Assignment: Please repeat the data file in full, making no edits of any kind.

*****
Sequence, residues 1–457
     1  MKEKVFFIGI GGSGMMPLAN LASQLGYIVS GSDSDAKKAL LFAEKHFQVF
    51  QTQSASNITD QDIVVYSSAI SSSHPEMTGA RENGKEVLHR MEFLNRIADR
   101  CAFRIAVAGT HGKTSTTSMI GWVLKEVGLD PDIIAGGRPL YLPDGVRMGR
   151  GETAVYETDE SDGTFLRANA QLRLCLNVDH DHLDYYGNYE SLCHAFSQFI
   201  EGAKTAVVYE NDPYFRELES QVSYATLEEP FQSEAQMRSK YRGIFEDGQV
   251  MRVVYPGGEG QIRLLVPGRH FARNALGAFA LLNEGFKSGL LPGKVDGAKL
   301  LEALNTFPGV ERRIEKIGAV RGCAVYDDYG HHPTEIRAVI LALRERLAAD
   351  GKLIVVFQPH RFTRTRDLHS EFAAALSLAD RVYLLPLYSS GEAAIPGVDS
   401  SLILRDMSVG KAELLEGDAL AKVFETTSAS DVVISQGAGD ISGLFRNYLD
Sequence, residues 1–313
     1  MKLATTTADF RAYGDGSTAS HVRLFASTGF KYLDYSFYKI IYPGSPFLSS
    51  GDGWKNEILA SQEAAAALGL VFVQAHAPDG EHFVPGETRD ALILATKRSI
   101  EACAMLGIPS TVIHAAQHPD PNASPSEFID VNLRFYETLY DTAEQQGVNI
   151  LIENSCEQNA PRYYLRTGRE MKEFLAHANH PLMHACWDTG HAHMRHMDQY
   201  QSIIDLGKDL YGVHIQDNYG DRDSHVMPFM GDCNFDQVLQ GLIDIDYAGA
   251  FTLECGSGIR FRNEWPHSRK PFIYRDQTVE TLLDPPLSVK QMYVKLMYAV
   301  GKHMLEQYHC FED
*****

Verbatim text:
Sequence, residues 1–457
     1  MKEKVFFIGI GGSGMMPLAN LASQLGYIVS GSDSDAKKAL LFAEKHFQVF
    51  QTQSASNITD QDIVVYSSAI SSSHPEMTGA RENGKEVLHR MEFLNRIADR
   101  CAFRIAVAGT HGKTSTTSMI GWVLKEVGLD PDIIAGGRPL YLPDGVRMGR
   151  GETAVYETDE SDGTFLRANA QLRLCLNVDH DHLDYYGNYE SLCHAFSQFI
   201  EGAKTAVVYE NDPYFRELES QVSYATLEEP FQSEAQMRSK YRGIFEDGQV
   251  MRVVYPGGEG QIRLLVPGRH FARNALGAFA LLNEGFKSGL LPGKVDGAKL
   301  LEALNTFPGV ERRIEKIGAV RGCAVYDDYG HHPTEIRAVI LALRERLAAD
   351  GKLIVVFQPH RFTRTRDLHS EFAAALSLAD RVYLLPLYSS GEAAIPGVDS
   401  SLILRDMSVG KAELLEGDAL AKVFETTSAS DVVISQGAGD ISGLFRNYLD
Sequence, residues 1–313
     1  MKLATTTADF RAYGDGSTAS HVRLFASTGF KYLDYSFYKI IYPGSPFLSS
    51  GDGWKNEILA SQEAAAALGL VFVQAHAPDG EHFVPGETRD ALILATKRSI
   101  EACAMLGIPS TVIHAAQHPD PNASPSEFID VNLRFYETLY DTAEQQGVNI
   151  LIENSCEQNA PRYYLRTGRE MKEFLAHANH PLMHACWDTG HAHMRHMDQY
   201  QSIIDLGKDL YGVHIQDNYG DRDSHVMPFM GDCNFDQVLQ GLIDIDYAGA
   251  FTLECGSGIR FRNEWPHSRK PFIYRDQTVE TLLDPPLSVK QMYVKLMYAV
   301  GKHMLEQYHC FED